Minister for communities and local government Bob Neill has defended the Waste Review’s actions on getting rid of powers to introduce bin taxes, bin snooping, and fines saying “it is not about headlines”.
Speaking to delegates at the Chartered Institution of Wastes Management Conference 2011, Neill said: “By householders paying £120 a month in council tax, they expect to see a service.
“As professionals, you and I need to recognise stories in the national media [about bin taxes and fines] do not resonate out of thin air. So we need to recognise the frustration felt by local residents.
“Resentment undermines localism rather than strengthening it. That’s the fundamental difference in policy between the last administration and now. My take is that there were three issues that were particularly corrosive of trust between the councils and householders over waste – bin fines, bin snooping and bin taxes. All three, the Government has committed to taking a stand against.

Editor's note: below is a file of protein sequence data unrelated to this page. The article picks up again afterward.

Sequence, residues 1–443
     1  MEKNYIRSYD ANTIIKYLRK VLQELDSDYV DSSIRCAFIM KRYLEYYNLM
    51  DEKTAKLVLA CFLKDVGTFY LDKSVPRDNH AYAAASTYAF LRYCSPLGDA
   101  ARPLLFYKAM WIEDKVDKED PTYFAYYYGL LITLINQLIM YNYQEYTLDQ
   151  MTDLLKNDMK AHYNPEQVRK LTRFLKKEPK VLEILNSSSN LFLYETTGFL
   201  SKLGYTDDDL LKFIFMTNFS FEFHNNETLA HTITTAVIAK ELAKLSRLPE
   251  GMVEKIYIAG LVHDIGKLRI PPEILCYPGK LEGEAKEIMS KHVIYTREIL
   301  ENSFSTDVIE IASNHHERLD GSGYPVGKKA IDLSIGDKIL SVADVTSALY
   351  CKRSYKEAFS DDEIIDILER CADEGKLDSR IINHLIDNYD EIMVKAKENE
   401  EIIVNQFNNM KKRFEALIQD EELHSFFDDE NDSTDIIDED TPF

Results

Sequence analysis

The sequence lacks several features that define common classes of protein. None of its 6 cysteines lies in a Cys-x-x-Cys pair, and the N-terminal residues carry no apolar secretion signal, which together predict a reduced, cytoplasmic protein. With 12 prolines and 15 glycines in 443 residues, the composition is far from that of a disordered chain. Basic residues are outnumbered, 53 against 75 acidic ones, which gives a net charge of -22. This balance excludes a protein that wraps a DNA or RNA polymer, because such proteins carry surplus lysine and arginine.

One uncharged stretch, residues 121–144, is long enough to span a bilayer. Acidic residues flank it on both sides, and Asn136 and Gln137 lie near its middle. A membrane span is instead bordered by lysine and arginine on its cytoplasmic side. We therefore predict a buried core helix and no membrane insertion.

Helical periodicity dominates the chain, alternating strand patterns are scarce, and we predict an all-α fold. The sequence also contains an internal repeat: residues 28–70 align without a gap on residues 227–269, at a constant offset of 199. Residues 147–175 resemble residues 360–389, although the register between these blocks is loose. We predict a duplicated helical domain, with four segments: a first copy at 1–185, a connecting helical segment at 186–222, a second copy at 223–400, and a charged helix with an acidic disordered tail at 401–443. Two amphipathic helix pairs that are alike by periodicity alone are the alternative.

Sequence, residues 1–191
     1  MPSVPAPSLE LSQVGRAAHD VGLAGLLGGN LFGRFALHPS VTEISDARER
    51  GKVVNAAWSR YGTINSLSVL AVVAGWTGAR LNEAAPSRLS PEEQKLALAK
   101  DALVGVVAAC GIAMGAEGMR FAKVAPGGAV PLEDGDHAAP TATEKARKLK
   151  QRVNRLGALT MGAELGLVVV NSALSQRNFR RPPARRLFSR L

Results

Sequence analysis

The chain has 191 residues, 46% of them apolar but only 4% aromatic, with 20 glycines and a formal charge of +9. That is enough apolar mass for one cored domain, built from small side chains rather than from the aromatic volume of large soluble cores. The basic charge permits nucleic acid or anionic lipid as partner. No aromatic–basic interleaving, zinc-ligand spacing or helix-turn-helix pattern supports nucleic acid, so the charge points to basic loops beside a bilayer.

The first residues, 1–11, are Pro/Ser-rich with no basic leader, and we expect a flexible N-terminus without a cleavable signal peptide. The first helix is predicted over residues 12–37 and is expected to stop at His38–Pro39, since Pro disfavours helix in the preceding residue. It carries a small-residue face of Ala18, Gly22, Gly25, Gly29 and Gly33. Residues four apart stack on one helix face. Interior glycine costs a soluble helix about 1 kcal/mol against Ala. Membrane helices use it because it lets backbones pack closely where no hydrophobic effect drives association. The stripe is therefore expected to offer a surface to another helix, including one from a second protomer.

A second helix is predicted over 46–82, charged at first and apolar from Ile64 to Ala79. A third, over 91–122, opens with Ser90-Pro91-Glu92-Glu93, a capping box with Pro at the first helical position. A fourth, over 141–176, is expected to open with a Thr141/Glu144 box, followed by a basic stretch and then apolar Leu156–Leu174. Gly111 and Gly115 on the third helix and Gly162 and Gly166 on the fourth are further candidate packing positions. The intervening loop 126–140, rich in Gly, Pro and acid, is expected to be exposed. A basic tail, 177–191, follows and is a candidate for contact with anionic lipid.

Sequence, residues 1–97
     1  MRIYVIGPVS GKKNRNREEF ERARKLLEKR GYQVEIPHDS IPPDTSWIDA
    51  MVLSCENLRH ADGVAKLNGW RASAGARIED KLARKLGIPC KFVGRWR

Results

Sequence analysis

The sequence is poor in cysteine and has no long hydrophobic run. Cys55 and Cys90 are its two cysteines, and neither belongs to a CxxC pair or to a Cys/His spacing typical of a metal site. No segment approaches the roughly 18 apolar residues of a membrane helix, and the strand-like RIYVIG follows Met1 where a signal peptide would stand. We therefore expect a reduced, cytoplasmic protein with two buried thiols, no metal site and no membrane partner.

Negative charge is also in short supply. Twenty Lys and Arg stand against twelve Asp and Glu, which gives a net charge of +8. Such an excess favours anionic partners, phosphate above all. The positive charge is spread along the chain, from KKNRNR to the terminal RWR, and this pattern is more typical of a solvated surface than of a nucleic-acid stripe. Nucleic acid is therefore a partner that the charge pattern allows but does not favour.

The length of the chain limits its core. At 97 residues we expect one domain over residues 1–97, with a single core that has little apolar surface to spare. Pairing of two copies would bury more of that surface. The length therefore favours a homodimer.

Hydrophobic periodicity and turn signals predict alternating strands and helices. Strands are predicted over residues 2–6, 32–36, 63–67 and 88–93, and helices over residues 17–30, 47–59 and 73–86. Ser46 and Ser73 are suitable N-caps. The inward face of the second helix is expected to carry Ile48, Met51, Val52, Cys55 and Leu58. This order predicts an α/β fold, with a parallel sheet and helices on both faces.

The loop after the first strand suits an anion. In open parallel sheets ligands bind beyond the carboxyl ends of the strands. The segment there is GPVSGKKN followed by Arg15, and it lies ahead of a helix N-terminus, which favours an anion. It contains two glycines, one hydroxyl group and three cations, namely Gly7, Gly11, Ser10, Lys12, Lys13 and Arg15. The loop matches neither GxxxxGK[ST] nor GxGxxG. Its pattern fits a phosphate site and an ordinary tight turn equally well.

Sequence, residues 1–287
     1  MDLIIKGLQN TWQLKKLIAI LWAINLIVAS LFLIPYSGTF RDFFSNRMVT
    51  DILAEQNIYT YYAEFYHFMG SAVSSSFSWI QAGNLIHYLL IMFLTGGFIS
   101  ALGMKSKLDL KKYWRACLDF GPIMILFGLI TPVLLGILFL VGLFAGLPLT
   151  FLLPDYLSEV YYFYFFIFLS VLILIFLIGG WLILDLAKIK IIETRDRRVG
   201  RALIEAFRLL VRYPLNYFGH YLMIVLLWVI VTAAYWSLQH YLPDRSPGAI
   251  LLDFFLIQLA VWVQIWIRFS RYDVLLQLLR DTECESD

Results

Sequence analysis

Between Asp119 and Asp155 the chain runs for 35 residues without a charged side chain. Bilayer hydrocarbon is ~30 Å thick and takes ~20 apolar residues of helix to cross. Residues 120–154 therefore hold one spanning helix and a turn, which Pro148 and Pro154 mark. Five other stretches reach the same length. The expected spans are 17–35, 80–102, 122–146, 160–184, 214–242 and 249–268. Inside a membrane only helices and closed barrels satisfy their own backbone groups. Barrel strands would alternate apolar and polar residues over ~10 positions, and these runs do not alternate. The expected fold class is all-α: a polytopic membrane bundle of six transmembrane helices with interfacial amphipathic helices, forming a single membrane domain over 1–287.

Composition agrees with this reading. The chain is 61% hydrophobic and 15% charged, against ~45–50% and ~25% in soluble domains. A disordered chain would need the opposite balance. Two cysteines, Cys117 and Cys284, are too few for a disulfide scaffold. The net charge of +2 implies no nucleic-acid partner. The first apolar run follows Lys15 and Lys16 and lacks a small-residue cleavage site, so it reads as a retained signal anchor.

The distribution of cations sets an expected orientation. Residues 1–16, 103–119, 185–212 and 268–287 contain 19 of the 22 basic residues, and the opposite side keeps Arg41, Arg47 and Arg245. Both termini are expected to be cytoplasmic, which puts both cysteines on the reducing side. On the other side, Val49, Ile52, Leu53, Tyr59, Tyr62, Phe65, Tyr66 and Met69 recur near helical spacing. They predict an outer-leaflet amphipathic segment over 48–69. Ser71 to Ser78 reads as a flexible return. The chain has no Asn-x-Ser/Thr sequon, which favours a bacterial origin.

“Under the previous administration householders could be fined more than a shoplifter. But even if these fines were not enforced, they still got in the way.”
Neill added that local authorities should not take the “lazy option” by “salami slicing services” but instead should look to find savings in the back office and by dipping into revenues, as well as implementing more joint-working.
Government will also work with local authorities to achieve weekly collections of “smelly waste”. He added that announcements on how local authorities are to be supported will be disclosed soon.
When questioned about his use of the £120 council tax payment to illustrate the importance of giving “comprehensive” bin collections to householders, when in fact waste collections can cost just £60 per year, Neill said: “I agree that it doesn’t all go on waste collection but for many people £120 is a lot of money and for people who may not use other services their council tax is used for, waste collection is the most visible service.”